My family recently moved to the Phoenix area. We have really enjoyed this new season of our lives. It is exciting to see a new place through fresh eyes and dig into the culture and people of our new home. After spending the last five years living in the Muslim country of Morocco, we were thrilled to learn that there were many Muslims living all around us, even in our neighborhood. We continue to drink sweet mint tea, eat amazing food, and build friendships with some of the kindest, and most hospitable people we have ever met. For us, this is a true gift, a blessing. Our eyes have been opened to this new and exciting world, due to our time spent investing in the lives of Muslims in their own country and allowing them to invest in our lives as well!
We recognize, however, that discovering this gift is not something most Americans have experienced. We have often pondered, how do we invite our friends, folks that have grown up and lived most of their lives in Arizona, to walk this exciting journey with us? How can we be a catalyst to help others see, with new eyes, the place where they grew up? More importantly, how do we help others discover and engage with people that are different from them in their own neighborhoods where they may have gone unseen and forgotten? And most importantly, how do we share the joy and treasure that we have experienced in meeting Jesus in the homes of our Muslim friends, in the mosques of our foreign neighbors, in the tea and chwarma shops of our brothers and sisters from another country?
I was recently on a guided hike through the desert. Although this was yet another new experience for me, the group was made up of people that have spent most of their lives playing in the desert. This was nothing new to them.
We put boots on the trail and started following our experienced guide. At one particular spot on the trail, our guide paused and turned our attention to two small and seemingly identical cacti, side by side, just off the path.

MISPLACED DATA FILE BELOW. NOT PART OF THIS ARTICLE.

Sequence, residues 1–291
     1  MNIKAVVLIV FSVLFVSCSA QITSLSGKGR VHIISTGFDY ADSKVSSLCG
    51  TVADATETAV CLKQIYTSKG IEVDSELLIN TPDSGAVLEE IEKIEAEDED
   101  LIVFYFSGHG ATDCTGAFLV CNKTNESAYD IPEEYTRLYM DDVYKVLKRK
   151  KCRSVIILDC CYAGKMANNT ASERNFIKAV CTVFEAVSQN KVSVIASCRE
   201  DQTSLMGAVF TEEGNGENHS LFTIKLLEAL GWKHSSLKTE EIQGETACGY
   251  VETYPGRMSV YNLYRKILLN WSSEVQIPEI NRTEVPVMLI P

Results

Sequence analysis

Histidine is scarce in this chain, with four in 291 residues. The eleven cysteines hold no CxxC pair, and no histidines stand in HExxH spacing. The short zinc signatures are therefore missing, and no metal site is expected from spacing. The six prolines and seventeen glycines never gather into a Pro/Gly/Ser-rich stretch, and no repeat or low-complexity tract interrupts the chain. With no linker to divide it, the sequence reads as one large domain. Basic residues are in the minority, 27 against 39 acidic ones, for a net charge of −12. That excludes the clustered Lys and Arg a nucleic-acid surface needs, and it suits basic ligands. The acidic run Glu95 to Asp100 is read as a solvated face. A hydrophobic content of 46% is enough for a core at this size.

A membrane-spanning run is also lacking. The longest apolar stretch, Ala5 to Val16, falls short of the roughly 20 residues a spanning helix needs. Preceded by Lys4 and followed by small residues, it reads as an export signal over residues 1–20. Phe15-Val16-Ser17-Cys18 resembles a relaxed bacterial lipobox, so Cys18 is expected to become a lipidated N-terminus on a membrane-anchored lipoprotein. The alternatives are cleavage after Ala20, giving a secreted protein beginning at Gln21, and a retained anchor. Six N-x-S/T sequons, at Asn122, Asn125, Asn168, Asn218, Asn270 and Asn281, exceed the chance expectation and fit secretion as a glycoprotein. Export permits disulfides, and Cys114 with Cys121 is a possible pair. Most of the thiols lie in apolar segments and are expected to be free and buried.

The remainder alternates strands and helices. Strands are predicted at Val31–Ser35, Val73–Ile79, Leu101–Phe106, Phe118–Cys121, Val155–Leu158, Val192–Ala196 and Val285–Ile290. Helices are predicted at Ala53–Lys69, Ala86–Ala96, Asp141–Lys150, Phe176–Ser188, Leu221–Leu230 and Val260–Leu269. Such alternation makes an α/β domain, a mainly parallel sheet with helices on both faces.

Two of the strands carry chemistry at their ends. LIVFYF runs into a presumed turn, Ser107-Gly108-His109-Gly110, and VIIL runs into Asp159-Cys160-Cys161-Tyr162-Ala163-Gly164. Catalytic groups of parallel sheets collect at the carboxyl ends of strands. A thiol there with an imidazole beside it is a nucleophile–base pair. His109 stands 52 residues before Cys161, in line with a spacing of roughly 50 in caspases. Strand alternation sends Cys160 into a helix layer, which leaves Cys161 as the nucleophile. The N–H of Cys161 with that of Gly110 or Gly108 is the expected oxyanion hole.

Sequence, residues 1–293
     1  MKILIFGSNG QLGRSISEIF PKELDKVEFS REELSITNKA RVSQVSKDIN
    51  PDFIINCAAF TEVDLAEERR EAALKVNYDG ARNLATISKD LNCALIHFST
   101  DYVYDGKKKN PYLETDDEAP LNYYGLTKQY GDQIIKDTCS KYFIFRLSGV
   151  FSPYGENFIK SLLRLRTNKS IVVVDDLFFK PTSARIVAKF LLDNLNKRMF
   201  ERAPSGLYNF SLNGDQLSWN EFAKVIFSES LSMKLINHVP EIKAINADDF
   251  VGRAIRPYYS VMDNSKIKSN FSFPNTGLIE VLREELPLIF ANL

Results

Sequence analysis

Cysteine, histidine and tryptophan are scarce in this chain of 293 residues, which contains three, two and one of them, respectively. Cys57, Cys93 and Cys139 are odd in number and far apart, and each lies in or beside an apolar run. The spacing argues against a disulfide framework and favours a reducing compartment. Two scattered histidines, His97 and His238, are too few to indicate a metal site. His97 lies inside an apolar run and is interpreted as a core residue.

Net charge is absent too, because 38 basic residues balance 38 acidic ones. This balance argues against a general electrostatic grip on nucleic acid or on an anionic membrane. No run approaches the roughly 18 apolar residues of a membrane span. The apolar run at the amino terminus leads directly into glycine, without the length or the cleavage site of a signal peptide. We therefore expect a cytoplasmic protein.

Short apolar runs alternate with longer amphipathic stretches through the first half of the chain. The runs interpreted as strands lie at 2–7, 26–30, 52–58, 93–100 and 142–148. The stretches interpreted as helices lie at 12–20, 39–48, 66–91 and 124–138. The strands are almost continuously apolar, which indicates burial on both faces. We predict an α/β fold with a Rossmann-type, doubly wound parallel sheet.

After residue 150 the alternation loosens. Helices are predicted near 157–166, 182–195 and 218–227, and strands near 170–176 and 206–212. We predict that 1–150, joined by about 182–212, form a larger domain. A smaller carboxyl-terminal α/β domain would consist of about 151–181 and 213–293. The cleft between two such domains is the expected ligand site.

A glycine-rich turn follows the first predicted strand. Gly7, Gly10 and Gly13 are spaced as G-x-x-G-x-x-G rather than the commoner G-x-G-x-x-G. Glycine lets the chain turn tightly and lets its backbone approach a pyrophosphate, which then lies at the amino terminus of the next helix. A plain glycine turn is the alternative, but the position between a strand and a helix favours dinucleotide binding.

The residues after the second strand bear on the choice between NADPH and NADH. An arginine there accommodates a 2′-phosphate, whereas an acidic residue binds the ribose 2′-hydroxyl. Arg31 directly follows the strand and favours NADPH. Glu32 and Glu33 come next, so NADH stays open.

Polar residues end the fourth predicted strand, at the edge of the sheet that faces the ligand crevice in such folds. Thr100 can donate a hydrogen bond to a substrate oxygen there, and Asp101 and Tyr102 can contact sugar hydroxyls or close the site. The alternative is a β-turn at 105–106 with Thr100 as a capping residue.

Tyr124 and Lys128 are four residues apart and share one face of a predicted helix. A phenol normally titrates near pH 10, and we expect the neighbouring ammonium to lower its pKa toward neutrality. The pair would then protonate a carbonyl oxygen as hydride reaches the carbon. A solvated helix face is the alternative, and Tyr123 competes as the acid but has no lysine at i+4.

“What do you guys see there?”, he asked. My group desert veterans, began to chime in. “I see two cacti.”“Twins!”“I’m guessing two saguaros.”
To me, the latter seemed like a great guess.
“Look closer”, our guide said, smiling. “There are two types of cacti there. The one on the right is a saguaro cactus, but the one on the left?”
“A barrel cactus?”, questioned an eager hiker. “That’s right!”
He then began to teach us the difference between the two. What we learned was fascinating. You could sense our awe and wonder as our eyes were opened to this new discovery. The best part was the reaction of the locals in the group that had hiked these trails innumerable times.
“I have never seen that before! I have lived here all my life, hiked these trails many times, and never knew the difference between the barrel and saguaro. I’ve never noticed. You have opened my eyes to a whole new world!”
What an amazing gift our guide had just given us. The rest of the hike seemed to come alive for each of us. At every turn we were pointing out barrels and saguaros like expert guides! The trail had new life, new color, new meaning.
I quickly jotted down, in my field notes, “we have to put ourselves in places to SEE IT. And once we see it, we see it all the time!”
Perhaps this relates to our real life experience. It’s easy to put our heads down on the trail and miss the beauty all around us. It is equally easy to stay insulated and comfortable behind our front doors. We grow up in one place, one pocket of culture, and become conditioned to the world around us. The true adventure starts when we put boots in the dirt and follow our guide, even when the trail leads us outside of our comfort zones.
I suppose I could have read a desert botany book, or trusted Google to tell me everything I needed to know about barrel and saguaro. It takes intentionality and courage to gear up and hit the trail, but once there, the actual experience is inspiring and life changing. I see the desert with new eyes!
I want to see my neighborhoods, my workplace, my schools, with new eyes! I want to peel off the blinders and discover the blessing that God has given to us: the nations coming to us. It starts with us intentionally putting ourselves in places to see the people around us. It means believing that Jesus has put us in these neighborhoods for a purpose, and recognizing that the foreigner on our street is not there by accident. We have an opportunity to be a blessing to our neighbors, and to approach them with humility and love and to discover how full and rich our lives become as we experience the blessing that they are to us!
We want to meet Jesus, our inspired guide on the trail, and have Him open our eyes to the people all around us, in the places we have always known. And when we SEE THEM, we will see them all the time!